Thanks to an astute blog reader who brought to my attention a clarification by Dan Haseltine regarding the true intent of his Tweets and the fact that he did not mean what it clearly appeared he said. He makes a very humble admission that he did not write his words well and that he understood the confusion he caused. I’m actually happy to hear that. It’s clear Dan is a guy who is learning along the way just like the rest of us. I still have a bit of disagreement with some of his thinking, but I feel a lot better about where he really stands on scriptural authority.
I feel I owe it to Dan (I don’t even know him) to be sure to follow up my original post with this one so that you can receive a much happier ending to his original statement and to my response to that. While I don’t feel I intended nor did “throw rocks” at Dan, I did write as a response to a very serious statement that should not be left to go by unchallenged. The motive was correct and the response I feel was correct, but unfortunately for me, I was unaware that he didn’t think through what he was writing and didn’t mean what he wrote outside of a wider context.
I think rather than link to his blog post, which some will never click, I’ll just do a raw copy and paste. After that, there were a couple of interesting comments made on my Facebook page concerning all of this. I will try to copy and paste those too.
Here is Dan H’s blog post from earlier today:
Last week, Jars of Clay performed at a music festival in Australia. As part of the programming of the event, the festival offered various breakout sessions and panel discussions on a host of topics that might be interesting to the festival attendees. I was invited to sit on a panel discussion about moral behavior and the church. The question we were presented was, “Does the western church’s focus on moral behavior undermine the church’s ability to love?”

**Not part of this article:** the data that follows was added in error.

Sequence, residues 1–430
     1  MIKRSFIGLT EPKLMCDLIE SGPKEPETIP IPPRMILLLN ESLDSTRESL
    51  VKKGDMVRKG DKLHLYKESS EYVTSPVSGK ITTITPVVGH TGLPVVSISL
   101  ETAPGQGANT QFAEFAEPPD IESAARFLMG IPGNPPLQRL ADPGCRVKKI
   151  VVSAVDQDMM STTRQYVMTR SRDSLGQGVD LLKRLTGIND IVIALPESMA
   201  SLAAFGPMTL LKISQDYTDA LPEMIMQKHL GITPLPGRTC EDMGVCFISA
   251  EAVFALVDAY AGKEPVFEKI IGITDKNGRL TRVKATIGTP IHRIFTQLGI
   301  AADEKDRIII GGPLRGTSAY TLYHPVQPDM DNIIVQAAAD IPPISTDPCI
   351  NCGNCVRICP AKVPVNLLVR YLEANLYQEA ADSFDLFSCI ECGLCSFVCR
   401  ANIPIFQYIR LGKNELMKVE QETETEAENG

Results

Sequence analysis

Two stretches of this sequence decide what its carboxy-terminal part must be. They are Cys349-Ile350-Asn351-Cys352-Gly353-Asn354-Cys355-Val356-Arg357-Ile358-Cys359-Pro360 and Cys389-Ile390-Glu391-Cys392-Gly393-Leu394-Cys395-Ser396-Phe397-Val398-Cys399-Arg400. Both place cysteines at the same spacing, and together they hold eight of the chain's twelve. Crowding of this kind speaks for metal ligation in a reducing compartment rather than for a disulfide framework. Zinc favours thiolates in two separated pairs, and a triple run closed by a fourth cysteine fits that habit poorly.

On one side of me sat the head of a lobbying group that fought against the legalization of gay marriage in Australia. On the other side of me was a Christian street evangelist. I was immediately aware that I had not given much attention to the dialogue about gay rights. I knew it was a focal topic for many people in the church, and that it was a major issue in the growing partisanship of American politics, I just had not had the opportunity to think about it much.
During the panel discussion, the question was asked of the lobbyist, “Why not legalize gay marriage?” His response sparked my curiosity. He said that gay marriage was a slippery slope into other forms of marriage ie: polygamy, marriage to animals, etc. He also said that it was harmful to children to be forced into a situation without a father, or without a mother. He also spoke of the sanctity of the traditional marriage model and how it could be diminished.
It was a lively conversation, and in the end, I don’t think we reached much of an answer to the question of moral behavior and the church. I did walk away with quite a lot to think about. I had so many questions about gay marriage. With so many angles to consider and so many layers to unfold, it was overwhelming, and so I did what most people do, I got distracted and forgot about it.
Two days later, I was on an international flight traveling back to the U.S. I should have been sleeping, but the time reversal’s effect on my body kept me awake, and so I caught up on a few movies. The one that stirred my soul, more than Anchorman 2 or American Hustle was 12 Years a Slave.
The film had such incredible storytelling and superb acting that gave faces and souls to the men, women and children trapped in slavery. The thing that continued to swirl around my mind was a scene when one of the slave owners was quoting scripture to slaves. He was using the words to drive home a point about his supremacy over the slaves, and the wrath they would face if they were disobedient.
He was mis-using scripture to back up his acts of oppression toward another human. He was using scripture to back up his idea that slaves were less than human, and so should not be given the rights of humans.
I would not say that the issues of slavery, which are tied to color and race, clearly mirror the issues of gay rights. But for some reason, all the questions I had surrounding gay marriage came rushing back.